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Documenting history of S. Portage St.’s Harriet Campbell Taylor House

November 26, 2015
By Marybelle Beigh - Westfield Historian , Westfield Republican

The wonderfully exciting WWO Holly Tour having just been experienced, it was a surprise to see what appears to be a typo of the date given of 1802 for the earliest building of the Harriet Campbell Taylor House which was actually in 1851; or perhaps that date that was accidentally transferred from another historic home write-up which correctly identifies the original "Crossroads" settlement of 1802. The same error appears in both the Holly Tour ticket, and the Nov. 19, 2015 Westfield Republican article on page one "Four Historic Westfield homes featured on this year's Holly Tour." In any case, your Westfield Historian has reviewed her history resources to find previously validated information about this beloved historic home.

The first source of information comes from "The History of Chautauqua County, New York," by Andrew Young, published in 1875, when Judge Thomas Campbell was still alive and alert, as he was until his death a few years later, and provided the historical information for Young. According to Young, Thomas B. Campbell first purchased land in Westfield in 1824. In the biographical sketch of Campbell, Young writes, "In 1817, he [Thomas B. Campbell] came to Westfield (then Portland) and built a sawmill and a grist mill where now [1875] the paper-mill is, and where he continued the milling and flouring business until about 1864. He also bought farm lands, of which he sold, in 1860, 60 acres, for fair grounds, in the south part of the village." Young also lists the children of Campbell, including Harriet, wife of David H. Taylor, and describes the political career of Campbell, culminating with him becoming a judge in 1845. Other sources tell more about the home of Judge Campbell, located on the corner of Campbell and South Portage streets, which he built shortly after arriving in Westfield. The Judge Campbell house is across South Portage and south from the Harriet Campbell house. Please note that it is not the house directly across South Portage which is home of David and Sandra Brown.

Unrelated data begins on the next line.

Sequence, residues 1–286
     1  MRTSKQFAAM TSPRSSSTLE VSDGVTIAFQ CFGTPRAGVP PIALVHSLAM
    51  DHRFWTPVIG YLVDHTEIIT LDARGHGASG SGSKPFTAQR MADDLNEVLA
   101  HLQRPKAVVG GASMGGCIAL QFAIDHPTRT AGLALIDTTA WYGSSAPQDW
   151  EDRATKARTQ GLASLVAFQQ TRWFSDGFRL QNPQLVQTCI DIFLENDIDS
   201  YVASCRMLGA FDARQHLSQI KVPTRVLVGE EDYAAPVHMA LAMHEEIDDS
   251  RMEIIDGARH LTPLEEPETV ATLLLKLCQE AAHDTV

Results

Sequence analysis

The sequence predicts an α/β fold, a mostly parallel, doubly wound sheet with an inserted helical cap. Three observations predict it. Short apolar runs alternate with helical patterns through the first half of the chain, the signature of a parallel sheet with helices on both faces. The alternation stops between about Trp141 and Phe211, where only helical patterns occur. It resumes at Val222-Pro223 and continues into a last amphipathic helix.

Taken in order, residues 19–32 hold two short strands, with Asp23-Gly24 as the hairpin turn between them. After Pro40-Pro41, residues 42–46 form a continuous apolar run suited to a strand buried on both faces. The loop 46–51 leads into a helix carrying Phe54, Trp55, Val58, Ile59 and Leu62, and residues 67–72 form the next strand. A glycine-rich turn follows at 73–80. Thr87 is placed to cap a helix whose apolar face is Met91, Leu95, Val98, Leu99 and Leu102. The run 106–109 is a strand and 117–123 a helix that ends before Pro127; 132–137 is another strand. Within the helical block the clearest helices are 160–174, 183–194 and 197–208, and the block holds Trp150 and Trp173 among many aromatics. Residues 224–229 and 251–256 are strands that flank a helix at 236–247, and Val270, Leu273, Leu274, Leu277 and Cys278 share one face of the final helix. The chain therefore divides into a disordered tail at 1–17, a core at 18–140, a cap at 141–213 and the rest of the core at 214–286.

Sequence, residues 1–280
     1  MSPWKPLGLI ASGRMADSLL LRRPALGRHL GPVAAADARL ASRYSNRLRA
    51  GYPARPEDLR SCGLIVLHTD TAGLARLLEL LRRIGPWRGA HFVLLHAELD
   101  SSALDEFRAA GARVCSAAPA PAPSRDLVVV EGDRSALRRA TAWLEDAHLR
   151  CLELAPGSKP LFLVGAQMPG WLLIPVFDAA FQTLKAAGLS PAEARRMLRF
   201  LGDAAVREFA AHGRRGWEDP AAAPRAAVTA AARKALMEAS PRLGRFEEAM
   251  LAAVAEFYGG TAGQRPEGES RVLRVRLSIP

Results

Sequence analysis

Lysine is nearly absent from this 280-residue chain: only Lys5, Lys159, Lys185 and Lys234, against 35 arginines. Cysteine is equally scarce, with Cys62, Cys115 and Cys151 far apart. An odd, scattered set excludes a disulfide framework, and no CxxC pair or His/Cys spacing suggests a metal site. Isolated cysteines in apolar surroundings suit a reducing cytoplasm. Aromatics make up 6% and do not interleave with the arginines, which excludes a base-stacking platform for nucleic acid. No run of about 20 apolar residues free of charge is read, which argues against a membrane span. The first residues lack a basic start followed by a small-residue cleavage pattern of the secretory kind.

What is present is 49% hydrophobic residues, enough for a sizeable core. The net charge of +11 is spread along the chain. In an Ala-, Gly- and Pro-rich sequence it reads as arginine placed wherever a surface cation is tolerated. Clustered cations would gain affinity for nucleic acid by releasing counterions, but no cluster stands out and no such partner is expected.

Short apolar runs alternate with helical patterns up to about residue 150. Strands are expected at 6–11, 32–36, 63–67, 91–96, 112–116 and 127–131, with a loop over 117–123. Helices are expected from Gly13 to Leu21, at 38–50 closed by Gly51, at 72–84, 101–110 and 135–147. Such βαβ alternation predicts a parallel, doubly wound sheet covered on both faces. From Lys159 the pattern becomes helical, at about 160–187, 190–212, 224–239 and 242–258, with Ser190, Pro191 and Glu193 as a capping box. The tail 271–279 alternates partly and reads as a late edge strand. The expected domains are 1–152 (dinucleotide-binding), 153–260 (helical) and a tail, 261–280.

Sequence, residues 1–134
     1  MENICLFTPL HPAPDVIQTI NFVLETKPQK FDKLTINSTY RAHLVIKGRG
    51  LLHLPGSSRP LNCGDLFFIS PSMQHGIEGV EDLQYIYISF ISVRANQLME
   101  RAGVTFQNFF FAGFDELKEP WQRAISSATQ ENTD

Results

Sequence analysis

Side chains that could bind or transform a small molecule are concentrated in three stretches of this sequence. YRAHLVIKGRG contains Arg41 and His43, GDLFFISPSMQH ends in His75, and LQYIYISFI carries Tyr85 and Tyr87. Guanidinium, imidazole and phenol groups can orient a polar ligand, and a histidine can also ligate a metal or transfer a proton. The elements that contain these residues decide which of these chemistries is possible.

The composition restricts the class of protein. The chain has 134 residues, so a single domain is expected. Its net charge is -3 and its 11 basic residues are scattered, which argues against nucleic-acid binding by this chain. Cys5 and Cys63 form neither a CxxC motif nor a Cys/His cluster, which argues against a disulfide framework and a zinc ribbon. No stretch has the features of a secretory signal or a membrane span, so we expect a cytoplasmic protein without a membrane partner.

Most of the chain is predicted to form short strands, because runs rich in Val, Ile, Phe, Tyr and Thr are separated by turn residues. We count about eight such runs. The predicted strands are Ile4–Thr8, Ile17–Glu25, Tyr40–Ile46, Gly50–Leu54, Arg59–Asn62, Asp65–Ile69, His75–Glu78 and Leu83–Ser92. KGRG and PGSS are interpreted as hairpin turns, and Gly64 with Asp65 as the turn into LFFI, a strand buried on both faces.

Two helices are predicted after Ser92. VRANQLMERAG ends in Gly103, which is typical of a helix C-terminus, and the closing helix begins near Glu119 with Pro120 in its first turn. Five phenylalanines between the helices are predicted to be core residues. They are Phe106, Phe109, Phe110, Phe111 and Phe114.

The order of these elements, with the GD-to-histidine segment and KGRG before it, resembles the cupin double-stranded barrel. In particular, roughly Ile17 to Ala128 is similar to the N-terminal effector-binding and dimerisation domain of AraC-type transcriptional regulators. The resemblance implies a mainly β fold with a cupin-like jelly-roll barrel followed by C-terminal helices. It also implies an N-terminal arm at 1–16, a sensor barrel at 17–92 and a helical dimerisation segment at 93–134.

The earliest portion of the Harriet Campbell Taylor house was built in 1851 by Judge Campbell, as a wedding gift for his daughter. The house appears on the 1854 Chautauqua County map. According to the Architecture in Westfield booklet published by the Westfield Republican, December 3, 1975, this house is an early example of Italianate influence in Westfield architecture, with a number of features that are actually Greek Revival.

Article Photos

Submitted photo
The Harriet Campbell Taylor House is pictured in 1975.

As noted in the recent Republican article and the Holly Tour Ticket description, the house is listed on the National Register of Historic Homes. Other sources that have described this house, as well as the Holly Tour info, note that the house took about four years to complete. Various sources confirm the original layout of the rooms was quite unusual, likely because of the terrain on which the house is built, in particular the location of the kitchen and dining room on a downstairs ground level at the rear that now could be considered a "daylight basement" area. Behind the house, the current garage was built over an 1851 stone foundation where the carriage house was originally constructed.

 
 
 

 

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